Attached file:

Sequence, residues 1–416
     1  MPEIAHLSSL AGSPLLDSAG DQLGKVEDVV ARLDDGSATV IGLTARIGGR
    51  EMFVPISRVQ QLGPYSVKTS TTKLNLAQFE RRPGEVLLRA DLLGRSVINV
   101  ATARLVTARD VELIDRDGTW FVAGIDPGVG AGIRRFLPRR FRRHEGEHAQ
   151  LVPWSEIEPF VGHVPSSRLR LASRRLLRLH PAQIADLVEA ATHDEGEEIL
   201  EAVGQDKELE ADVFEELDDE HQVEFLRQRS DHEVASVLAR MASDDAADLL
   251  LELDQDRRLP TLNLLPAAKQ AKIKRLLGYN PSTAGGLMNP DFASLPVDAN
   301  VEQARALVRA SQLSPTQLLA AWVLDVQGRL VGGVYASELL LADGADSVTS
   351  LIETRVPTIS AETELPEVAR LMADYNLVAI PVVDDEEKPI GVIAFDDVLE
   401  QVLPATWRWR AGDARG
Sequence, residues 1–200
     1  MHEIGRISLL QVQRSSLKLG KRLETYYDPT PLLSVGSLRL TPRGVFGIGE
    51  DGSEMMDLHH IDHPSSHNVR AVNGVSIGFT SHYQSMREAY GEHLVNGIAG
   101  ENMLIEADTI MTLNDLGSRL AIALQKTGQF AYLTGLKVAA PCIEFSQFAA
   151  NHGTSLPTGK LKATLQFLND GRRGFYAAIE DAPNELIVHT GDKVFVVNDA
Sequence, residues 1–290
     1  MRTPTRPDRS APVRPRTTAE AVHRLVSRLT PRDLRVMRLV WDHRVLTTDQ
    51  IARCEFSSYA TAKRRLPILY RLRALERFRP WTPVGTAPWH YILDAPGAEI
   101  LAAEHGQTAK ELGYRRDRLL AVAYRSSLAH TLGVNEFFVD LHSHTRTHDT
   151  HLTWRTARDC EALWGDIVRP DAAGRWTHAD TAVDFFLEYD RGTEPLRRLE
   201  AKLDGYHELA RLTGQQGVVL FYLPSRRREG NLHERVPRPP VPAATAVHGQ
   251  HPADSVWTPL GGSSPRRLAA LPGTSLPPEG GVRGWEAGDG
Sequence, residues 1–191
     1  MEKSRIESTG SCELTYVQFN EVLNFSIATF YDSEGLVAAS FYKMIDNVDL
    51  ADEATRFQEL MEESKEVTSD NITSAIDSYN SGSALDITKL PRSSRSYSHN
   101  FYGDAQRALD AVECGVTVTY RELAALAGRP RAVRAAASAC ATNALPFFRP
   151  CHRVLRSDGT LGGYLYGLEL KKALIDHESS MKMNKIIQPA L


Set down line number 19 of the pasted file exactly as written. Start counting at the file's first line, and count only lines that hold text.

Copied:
   101  LAAEHGQTAK ELGYRRDRLL AVAYRSSLAH TLGVNEFFVD LHSHTRTHDT